The Xerces Society created a pollinator field border on an Oregon blueberry farm (photo by Eric Mader - Xerces Society)

The Xerces Society created a pollinator field border on an Oregon blueberry farm (photo by Eric Mader - Xerces Society)

Cabbage Fever -  Derek Neuman from Sheffield, grew this giant cabbage for the 100th Harrogate Autumn Flower Show

Cabbage Fever -  Derek Neuman from Sheffield, grew this giant cabbage for the 100th Harrogate Autumn Flower Show



Thai workers collect freshly harvested fennel near Kibbutz Sa’ad in southern Israel. Amir Cohen/Reuters

HH:  I am making a fennel salad tomorrow - will think of this.

Thai workers collect freshly harvested fennel near Kibbutz Sa’ad in southern Israel. Amir Cohen/Reuters

HH:  I am making a fennel salad tomorrow - will think of this.

Cucamelons can be grown in pretty much the exact same way as regular cucumbers, only they are far easier. They don’t need the cover of a greenhouse, fancy pruning or training techniques and suffer from very few pests. Sow the seed from April to May indoors and plant out when all risk of frost is over. Give them a support the scramble over, keep well watered and that’s pretty much all you will need to do!
from James Wong’s Homegrown Revolution
Zoom Info
Cucamelons can be grown in pretty much the exact same way as regular cucumbers, only they are far easier. They don’t need the cover of a greenhouse, fancy pruning or training techniques and suffer from very few pests. Sow the seed from April to May indoors and plant out when all risk of frost is over. Give them a support the scramble over, keep well watered and that’s pretty much all you will need to do!
from James Wong’s Homegrown Revolution
Zoom Info
Cucamelons can be grown in pretty much the exact same way as regular cucumbers, only they are far easier. They don’t need the cover of a greenhouse, fancy pruning or training techniques and suffer from very few pests. Sow the seed from April to May indoors and plant out when all risk of frost is over. Give them a support the scramble over, keep well watered and that’s pretty much all you will need to do!
from James Wong’s Homegrown Revolution
Zoom Info

Cucamelons can be grown in pretty much the exact same way as regular cucumbers, only they are far easier. They don’t need the cover of a greenhouse, fancy pruning or training techniques and suffer from very few pests. Sow the seed from April to May indoors and plant out when all risk of frost is over. Give them a support the scramble over, keep well watered and that’s pretty much all you will need to do!

from James Wong’s Homegrown Revolution

Permafrost Farming Fields
Seen in the foreground:Tim on his farm. In the background: an endless sea of tundra, with a spot of the town of Bethel in the far right. If Meyers had his way, the open space between his farm and the town would be blanketed with small 3-acre family-run organic farms.
Source: Modernfarmer.com

Permafrost Farming Fields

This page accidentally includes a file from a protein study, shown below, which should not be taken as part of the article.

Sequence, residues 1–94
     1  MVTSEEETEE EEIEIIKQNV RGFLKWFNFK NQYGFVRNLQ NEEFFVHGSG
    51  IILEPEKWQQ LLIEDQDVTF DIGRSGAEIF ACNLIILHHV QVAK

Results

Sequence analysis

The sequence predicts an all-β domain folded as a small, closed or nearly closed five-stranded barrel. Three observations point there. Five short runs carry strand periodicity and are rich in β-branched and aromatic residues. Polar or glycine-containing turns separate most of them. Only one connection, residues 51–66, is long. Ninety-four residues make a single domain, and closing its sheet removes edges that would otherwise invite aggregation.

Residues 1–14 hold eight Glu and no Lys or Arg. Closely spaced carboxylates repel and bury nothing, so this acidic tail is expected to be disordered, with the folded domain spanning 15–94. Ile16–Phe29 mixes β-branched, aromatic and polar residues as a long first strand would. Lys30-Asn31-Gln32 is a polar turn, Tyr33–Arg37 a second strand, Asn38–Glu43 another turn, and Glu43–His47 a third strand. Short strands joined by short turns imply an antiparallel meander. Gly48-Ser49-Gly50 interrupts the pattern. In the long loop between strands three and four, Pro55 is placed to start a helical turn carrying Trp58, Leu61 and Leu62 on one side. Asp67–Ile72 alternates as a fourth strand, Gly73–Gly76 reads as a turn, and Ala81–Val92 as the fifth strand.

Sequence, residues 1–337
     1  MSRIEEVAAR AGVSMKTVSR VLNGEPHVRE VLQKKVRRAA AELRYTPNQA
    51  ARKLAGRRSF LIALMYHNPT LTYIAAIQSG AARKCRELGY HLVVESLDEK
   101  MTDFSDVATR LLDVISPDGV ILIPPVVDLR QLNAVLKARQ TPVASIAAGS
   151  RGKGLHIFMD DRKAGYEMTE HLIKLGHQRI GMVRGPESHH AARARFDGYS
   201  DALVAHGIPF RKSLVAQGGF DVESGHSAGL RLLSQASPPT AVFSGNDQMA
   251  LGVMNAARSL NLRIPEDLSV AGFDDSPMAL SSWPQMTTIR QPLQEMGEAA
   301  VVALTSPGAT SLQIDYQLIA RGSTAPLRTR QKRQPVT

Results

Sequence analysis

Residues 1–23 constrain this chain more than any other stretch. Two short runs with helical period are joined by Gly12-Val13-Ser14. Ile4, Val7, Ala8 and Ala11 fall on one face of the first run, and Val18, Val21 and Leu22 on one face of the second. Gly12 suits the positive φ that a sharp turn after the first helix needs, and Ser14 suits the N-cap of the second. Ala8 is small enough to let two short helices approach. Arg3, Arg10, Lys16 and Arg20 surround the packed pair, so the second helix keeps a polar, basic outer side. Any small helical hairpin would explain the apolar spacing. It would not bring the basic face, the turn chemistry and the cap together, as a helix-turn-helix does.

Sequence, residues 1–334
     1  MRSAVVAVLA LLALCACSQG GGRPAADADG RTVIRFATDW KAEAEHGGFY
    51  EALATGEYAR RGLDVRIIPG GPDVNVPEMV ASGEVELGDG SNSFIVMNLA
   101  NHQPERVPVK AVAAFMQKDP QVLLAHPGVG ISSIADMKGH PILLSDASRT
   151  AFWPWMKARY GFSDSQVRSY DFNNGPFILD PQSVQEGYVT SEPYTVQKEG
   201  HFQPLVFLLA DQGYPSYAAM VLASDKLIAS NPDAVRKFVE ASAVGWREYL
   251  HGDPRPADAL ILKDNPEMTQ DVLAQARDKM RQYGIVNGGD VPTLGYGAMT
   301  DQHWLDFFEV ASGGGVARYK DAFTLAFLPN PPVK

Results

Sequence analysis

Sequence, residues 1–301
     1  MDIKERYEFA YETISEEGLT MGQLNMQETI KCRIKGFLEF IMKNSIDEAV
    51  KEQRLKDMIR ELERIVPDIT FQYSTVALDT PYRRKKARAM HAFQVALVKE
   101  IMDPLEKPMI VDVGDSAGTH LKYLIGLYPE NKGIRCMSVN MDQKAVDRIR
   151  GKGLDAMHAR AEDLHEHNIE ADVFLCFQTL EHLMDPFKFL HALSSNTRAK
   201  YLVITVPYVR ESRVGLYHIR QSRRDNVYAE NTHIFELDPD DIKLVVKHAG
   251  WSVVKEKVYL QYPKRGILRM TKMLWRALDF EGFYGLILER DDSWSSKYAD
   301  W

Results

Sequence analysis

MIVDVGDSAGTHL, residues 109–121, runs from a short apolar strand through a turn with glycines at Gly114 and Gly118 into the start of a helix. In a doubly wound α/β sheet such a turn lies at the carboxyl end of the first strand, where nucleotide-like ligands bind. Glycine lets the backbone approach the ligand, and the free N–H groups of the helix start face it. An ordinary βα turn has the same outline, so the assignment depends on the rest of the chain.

Seen in the foreground:Tim on his farm. In the background: an endless sea of tundra, with a spot of the town of Bethel in the far right. If Meyers had his way, the open space between his farm and the town would be blanketed with small 3-acre family-run organic farms.

Source: Modernfarmer.com

Permafrost Farming - 
Farm intern Simon Goldstein stands in the underground chicken coop. A DJ and artist in Anchorage during the winter, Simon spent the summer in Bethel learning the ways of permafrost farming under Tim’s tutelage. Now a month into his internship, he’s hooked, and Tim’s determined to replicate the teaching process into a larger farm school.
from Modernfarmer.com

Permafrost Farming - 

Farm intern Simon Goldstein stands in the underground chicken coop. A DJ and artist in Anchorage during the winter, Simon spent the summer in Bethel learning the ways of permafrost farming under Tim’s tutelage. Now a month into his internship, he’s hooked, and Tim’s determined to replicate the teaching process into a larger farm school.

from Modernfarmer.com

HOMEGROWN REVOLUTION 


This film features: Jules Dervaes, Justin Dervaes, Anais Dervaes and Jordanne Dervaes

Homegrown Revolution is a short introduction to the homegrown project that has been called a new revolution in urban sustainability.

In the midst of a dense city setting in downtown Pasadena, radical change is taking root. For over twenty years, the Dervaes family have transformed their home into an urban homestead and model for sustainable agriculture and city living.

Through the creation of the “Urban Homestead” the Dervaes family shows that change is possible — one step at a time. They harvest 3 tons of organic food annually from their 1/10 acre garden while incorporating many back-to-basics practices, solar energy and biodiesel in order to reduce their footprint on the earth’s resources.

Through the creation of the “Urban Homestead” the Dervaes family shows that change is possible,

HH:  I really admire this.